Boomer: What should baby boomers carefully look at prior to purchasing this type of coverage?
Quinlan: Today we are at historically low interest rates. Yes, the stock market has recovered from the 2008 crash record lows. Look at an illustration that is run by your financial advisor or insurance agent/broker that shows you how your policy will perform at a more conservative return at say 6%. Now, how does it perform in 30 years at 6%? Does the policy still meet your goals? Some life insurance groups that represent the industry are proposing these illustrations show three different returns: low (based on the minimum guaranteed rate stated in the policy), medium and high levels of cash value. Other features are important. Carriers can change their crediting rates at any time. And you will not find an indexed universal policy paying you an annual dividend nor guaranteeing cash value like you would find in a whole life insurance policy.
Boomer: What are some tax advantages of indexed universal insurance?
Quinlan: While you cannot deduct the policy premiums from your income taxes, the death benefit, face amount of the policy is almost always free of federal or state income taxes. If you borrow cash from your policy, the loan will be generally free of income taxes. The inside cash value of your policy will grow on a tax deferred basis like an IRA or your 401(k). You can access your money in the policy without an IRS penalty, regardless of your age. You don’t have to wait to age 59-1/2 to access the cash value.
Boomer: What are the costs and administrative charges associated with these policies?
Quinlan: Costs can include mortality and expense risk charges (to compensate the carrier if a person does not live to their life expectancy), cost of insurance (the cost of having insurance protection), a surrender charge if you terminate your policy during the surrender charge period during the first years of your policy. There will be a charge if you add a rider, additional features to your policy like a waiver of the premium in the event you become disabled.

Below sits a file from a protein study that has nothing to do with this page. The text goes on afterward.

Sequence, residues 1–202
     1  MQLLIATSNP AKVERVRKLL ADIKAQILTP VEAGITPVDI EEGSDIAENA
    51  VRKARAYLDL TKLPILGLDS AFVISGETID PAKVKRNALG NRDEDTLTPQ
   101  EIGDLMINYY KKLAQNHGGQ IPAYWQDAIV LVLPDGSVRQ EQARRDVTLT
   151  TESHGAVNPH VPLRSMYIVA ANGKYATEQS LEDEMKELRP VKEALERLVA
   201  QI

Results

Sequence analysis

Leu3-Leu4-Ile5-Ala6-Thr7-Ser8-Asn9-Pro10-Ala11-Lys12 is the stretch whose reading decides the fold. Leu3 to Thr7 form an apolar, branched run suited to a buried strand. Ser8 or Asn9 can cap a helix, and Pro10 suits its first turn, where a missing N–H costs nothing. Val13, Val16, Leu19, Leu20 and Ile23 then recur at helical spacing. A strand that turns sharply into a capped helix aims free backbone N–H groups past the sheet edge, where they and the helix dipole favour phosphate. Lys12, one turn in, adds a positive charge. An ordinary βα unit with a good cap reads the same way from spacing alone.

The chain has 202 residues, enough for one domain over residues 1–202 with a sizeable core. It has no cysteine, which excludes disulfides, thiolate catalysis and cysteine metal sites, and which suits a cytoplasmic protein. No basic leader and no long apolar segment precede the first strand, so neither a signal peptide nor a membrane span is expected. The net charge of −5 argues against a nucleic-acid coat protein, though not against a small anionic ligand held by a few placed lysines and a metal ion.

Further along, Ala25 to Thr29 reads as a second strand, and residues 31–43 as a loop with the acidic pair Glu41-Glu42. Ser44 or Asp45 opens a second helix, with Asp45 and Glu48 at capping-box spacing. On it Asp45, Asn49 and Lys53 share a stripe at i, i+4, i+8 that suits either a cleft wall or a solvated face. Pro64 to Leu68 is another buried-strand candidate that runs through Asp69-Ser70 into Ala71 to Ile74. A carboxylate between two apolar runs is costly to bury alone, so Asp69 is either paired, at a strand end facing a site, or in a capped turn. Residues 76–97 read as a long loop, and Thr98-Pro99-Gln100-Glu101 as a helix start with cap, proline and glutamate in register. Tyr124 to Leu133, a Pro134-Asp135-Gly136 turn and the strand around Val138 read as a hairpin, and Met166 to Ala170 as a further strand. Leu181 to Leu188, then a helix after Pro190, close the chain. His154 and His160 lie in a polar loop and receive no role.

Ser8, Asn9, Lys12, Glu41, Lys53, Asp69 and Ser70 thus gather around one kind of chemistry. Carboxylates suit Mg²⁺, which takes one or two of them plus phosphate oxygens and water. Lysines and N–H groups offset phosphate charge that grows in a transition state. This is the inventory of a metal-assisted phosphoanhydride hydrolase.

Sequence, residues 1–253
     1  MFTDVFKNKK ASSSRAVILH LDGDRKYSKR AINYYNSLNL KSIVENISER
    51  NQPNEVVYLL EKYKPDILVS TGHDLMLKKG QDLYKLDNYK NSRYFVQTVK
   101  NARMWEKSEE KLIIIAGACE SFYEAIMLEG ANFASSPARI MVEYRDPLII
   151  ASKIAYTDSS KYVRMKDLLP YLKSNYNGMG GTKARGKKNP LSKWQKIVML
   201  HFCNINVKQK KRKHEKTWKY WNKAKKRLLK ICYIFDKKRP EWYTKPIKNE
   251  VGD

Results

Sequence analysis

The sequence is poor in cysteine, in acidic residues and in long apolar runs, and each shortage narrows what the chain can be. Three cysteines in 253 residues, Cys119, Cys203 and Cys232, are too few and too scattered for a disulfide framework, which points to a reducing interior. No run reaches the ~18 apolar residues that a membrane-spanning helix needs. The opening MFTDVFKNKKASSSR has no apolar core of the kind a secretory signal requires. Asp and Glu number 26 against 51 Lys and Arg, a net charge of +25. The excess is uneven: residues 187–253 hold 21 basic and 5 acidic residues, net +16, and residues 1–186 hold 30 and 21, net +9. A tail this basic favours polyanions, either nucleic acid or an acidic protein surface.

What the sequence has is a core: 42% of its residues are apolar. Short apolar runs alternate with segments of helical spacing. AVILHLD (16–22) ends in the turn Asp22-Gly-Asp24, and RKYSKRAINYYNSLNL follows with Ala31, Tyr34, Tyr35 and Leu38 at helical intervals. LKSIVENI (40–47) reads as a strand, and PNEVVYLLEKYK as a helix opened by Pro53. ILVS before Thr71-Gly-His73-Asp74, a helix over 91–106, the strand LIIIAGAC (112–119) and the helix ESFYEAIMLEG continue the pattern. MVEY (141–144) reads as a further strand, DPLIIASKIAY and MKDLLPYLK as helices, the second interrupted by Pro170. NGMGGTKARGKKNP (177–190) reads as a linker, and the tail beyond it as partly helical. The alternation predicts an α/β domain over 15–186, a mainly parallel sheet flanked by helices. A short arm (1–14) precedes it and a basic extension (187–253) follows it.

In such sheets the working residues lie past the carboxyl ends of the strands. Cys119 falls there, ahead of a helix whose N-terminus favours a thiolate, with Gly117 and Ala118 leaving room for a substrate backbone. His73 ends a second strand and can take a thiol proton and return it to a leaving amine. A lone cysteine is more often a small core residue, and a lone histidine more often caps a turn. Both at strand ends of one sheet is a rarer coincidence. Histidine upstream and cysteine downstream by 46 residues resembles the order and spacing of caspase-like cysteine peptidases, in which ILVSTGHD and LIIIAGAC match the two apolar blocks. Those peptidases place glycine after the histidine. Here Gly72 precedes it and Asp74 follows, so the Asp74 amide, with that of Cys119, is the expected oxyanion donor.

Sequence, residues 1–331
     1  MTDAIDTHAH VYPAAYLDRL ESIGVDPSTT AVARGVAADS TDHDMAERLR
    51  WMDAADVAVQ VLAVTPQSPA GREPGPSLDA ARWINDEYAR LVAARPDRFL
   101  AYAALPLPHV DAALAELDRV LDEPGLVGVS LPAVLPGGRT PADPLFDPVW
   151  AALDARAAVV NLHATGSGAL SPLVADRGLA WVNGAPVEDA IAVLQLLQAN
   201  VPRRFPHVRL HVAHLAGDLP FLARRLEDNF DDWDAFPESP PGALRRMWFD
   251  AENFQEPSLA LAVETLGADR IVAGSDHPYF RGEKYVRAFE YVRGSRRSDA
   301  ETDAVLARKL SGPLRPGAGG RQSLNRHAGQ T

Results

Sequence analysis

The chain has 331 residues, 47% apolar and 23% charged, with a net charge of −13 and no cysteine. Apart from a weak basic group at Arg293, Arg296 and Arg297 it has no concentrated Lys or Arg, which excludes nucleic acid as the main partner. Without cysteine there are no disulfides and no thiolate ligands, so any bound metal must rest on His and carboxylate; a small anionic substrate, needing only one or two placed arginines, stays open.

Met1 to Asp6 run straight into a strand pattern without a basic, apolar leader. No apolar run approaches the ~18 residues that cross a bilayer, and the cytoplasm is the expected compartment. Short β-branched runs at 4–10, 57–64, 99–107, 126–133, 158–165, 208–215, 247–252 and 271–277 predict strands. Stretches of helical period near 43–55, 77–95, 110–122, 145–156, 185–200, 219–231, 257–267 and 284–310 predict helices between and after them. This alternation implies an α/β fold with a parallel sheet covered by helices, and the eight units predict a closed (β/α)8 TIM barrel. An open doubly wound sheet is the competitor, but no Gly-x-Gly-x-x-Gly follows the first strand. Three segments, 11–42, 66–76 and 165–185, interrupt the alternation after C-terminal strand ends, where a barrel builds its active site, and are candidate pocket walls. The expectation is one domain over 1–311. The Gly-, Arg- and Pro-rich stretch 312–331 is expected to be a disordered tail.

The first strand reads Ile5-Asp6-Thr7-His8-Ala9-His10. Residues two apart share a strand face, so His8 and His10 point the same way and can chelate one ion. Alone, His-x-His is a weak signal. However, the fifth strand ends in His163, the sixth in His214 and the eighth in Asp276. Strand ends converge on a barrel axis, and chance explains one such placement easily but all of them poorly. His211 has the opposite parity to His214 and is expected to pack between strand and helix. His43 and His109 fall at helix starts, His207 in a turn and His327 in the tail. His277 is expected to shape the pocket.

Boomer: Who should purchase an indexed universal insurance policy?
Quinlan: Indexed UL should be purchased by someone who is financially sophisticated and understands the policy’s pros and cons. You should also have a need for permanent life insurance protection like leaving money to your children or grandchildren, supplement your retirement income or to maintain your spouse’s life style at your death. You have also heard repeatedly: one size does not fit all. These words are still true with IUL and other financial services products. Shop around as carefully as when you bought your home.
Indexed Universal Life Insurance is an insurance contract that, depending on the contract, may offer a guaranteed annual interest rate and some participation growth, if any, of a stock market index. Such contracts have substantial variation in terms, costs of guarantees and features and may cap participation or returns in significant ways. Any guarantees offered are backed by the financial strength of the insurance company, not an outside entity. Investors are cautioned to carefully review an indexed universal life insurance for its features, costs, risks, and how the variables are calculated.
By Casey Dowd